Coptis Trifolia. Gold-thread.

Plate 13. Coptis trifolia. Part used - Botanical analysis - Common names - Botanical description- Botanical history - Geographical distribution - Allied species - Description of the drug - Microscopical structure (by Louisa Reed Stowell) - Commercial history - Pharmacopoeial history - Constituents - Pharmaceutical preparations - Medical history and properties - The physiological action and therapeutical uses of berberine (by Dr. J. A. Jeançon) - Pharmaceutical and medical references to Coptis trifolia

PART USED.—The rhizome of Coptis trifolia Salisb.

Natural Order Ranunculaceae, Tribe Helleboreae.

BOTANICAL ANALYSIS.—Rhizome, slender, creeping, bright yellow, branched, sending up at intervals of four to six inches clusters of leaves and flowers. Leaves all radical in tufts, surrounded at the base by yellowish scales; petiole slender, erect or reclining, two to four inches long; leaves, evergreen, veiny, firm, smooth, shining, palmately ternate; leaflets, obovate, about an inch in diameter, tapering to a sessile base, obtuse and somewhat three-lobed at the apex; margins sharply, mucronately and crenately toothed. Flowers, solitary, radical, white, about half an inch in diameter, borne on a slender, erect scape, slightly longer than the leaves, and bearing, above the middle, a single small bract. Sepals, five, spreading, petaloid, white, equal, deciduous. Petals, five, very small, gland-like, thickened and hood-shaped at the apex, and terete and tapering at the base. Stamens numerous, with slender filaments and globular, innate anthers, opening longitudinally. Pistils, three to ten, whorled, short stipitate; ovary one-celled, with numerous ovules, arranged horizontally in two rows; style recurved, stigmatose on the inner face. Fruit, three to ten, dry membranous follicles, slenderly stipitate at the base, and tipped with the persistent curved style at the apex. Seed five to ten, small, horizontal, black.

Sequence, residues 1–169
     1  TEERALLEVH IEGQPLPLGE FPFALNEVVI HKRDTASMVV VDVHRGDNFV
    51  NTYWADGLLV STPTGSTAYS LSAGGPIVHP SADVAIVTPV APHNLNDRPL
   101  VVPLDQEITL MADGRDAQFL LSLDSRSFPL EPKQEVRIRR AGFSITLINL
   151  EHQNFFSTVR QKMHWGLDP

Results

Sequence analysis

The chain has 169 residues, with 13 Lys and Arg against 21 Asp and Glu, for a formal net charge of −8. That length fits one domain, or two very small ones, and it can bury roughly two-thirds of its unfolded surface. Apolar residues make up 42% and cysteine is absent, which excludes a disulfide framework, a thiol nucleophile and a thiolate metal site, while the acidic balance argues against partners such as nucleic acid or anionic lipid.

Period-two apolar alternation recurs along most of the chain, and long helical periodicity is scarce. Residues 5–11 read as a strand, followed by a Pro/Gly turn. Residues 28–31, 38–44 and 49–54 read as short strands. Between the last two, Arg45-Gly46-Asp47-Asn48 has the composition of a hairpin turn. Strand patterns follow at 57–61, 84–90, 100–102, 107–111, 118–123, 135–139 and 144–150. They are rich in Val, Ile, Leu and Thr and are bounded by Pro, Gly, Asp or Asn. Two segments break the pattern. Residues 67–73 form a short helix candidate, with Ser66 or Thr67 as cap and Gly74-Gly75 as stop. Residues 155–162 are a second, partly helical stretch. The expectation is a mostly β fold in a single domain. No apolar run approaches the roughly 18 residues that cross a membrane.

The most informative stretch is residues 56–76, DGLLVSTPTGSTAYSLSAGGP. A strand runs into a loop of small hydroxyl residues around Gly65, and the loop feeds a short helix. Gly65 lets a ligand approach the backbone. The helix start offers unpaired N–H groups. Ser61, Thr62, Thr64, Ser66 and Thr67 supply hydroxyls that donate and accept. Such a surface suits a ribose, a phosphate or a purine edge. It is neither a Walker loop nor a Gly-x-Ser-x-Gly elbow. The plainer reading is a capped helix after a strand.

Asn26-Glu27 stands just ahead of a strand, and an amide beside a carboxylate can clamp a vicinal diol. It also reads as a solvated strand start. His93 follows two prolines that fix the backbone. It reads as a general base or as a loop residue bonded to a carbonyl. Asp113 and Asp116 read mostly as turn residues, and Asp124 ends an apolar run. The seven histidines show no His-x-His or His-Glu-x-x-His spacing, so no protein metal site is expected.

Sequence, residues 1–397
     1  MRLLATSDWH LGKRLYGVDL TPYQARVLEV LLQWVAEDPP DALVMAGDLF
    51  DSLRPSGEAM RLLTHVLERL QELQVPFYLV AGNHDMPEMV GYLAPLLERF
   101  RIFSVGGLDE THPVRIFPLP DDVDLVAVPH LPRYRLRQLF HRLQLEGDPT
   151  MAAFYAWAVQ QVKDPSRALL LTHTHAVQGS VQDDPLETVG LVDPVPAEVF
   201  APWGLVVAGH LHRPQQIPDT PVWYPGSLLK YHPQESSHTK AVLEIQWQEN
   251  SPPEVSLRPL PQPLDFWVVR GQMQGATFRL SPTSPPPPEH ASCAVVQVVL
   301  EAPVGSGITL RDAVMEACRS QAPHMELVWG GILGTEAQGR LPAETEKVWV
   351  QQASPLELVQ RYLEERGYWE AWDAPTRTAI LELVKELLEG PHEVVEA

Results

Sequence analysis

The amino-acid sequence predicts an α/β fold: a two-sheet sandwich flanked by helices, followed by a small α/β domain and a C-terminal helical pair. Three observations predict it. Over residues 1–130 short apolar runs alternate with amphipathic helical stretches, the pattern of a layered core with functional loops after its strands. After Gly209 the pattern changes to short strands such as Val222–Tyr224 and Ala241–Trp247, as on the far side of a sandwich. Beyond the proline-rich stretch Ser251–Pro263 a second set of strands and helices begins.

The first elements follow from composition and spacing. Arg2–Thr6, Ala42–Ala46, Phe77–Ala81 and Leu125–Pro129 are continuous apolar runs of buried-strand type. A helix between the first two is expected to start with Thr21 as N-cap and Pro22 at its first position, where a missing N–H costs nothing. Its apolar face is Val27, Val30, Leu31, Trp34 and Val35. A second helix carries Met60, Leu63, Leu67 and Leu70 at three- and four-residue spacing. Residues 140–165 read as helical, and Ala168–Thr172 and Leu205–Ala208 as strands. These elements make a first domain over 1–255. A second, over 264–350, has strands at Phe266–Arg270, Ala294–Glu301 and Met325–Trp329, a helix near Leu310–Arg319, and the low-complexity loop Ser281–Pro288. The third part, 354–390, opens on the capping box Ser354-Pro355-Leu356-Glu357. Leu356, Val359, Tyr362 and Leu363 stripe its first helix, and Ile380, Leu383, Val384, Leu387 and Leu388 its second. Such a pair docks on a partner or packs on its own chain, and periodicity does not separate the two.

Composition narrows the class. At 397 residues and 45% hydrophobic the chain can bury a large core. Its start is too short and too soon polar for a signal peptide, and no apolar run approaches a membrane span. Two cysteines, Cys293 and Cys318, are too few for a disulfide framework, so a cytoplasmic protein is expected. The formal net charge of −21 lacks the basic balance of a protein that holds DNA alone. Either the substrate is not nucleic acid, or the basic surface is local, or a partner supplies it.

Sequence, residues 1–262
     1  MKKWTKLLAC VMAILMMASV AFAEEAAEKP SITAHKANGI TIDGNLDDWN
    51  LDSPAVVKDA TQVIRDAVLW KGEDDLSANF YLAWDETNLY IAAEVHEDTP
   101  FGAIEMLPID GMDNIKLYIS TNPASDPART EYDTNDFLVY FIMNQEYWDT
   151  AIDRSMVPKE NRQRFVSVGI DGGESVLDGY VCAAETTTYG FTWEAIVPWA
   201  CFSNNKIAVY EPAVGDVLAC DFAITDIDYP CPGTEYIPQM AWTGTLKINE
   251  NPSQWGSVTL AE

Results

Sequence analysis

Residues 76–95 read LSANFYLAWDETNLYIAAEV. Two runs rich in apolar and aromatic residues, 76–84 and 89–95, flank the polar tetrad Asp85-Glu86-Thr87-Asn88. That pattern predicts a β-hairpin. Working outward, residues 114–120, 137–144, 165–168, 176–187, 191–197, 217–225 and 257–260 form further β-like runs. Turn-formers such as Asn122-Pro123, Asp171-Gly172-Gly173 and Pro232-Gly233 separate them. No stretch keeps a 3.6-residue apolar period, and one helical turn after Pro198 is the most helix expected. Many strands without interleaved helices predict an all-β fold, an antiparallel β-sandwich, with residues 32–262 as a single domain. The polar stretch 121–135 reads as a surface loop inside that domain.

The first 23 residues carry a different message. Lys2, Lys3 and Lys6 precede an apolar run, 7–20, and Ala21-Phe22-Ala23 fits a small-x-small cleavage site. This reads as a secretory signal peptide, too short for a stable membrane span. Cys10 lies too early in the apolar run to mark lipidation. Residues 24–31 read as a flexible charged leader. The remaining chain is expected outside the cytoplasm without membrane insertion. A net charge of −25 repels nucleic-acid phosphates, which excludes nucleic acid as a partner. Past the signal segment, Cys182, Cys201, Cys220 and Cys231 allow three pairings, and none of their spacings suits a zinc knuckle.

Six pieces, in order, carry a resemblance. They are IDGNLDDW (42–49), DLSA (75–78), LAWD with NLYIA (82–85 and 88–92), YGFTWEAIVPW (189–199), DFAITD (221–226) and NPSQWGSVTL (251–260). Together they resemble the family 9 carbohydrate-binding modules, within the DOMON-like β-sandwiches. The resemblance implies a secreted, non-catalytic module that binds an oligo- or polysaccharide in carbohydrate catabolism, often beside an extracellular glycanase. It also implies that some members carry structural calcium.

COMMON NAMES.—Coptis trifolia is almost universally known as Goldthread. This name is very appropriate from the slender, wiry, bright-yellow rhizomes. Having been used for sore mouth, it is sometimes called Mouthroot and Canker-root, names which express the domestic use of the plant as a remedy. In French towns in Canada, we are informed by Dr. Mignault, it is known among the people under the name of Savoyanne, from some old plant of France. It is sold in all the French markets, and is extensively used in domestic medicine as a tonic and appetizer. Don Miller states that it is known as Tisavoyanne by the Canadian French. [In answer to our inquiry regarding the meaning and derivation of these French names, Dr. Chas. Rice, the eminent linguist, has kindly replied with such an interesting letter that we reproduce it in full:
"I regret that I can not give a reliable derivation of these words, but may be permitted to make a guess. According to Nemnich (Lexicon Polyglott., p. 1355), the French name tisavoyanne had two applications: tisavoyanne rouge (red) denoted madder (Rubia tinctorum); tisavoyanne jaune (yellow) denoted Helleborus trifolius L. (Coptis trifolia Salisb.). From whence Nemnich took the term I do not at present know. But there is no doubt in my mind that the syllable 'savoyanne' is a dialectic adjective of the name of Savoy (once a French province), where madder has been grown for a long time. The syllable ti may be a patois for the name of the plant, or some other corruption. As I am not much posted on ancient French and its dialects, I can throw no light upon this. It would be quite natural for persons who call madder the red Savoy 'ti' (whatever this may mean) to call Goldthread or Coptis the yellow Savoy 'ti.' The names were, of course, carried by settlers to Canada."]

Alain C. tells me: "The word 'Tisavoyane' is a Mi'kmaq word (related to teinture or dye) from a Eastern Canadian First Nation." Thank you, Alain! -Henriette.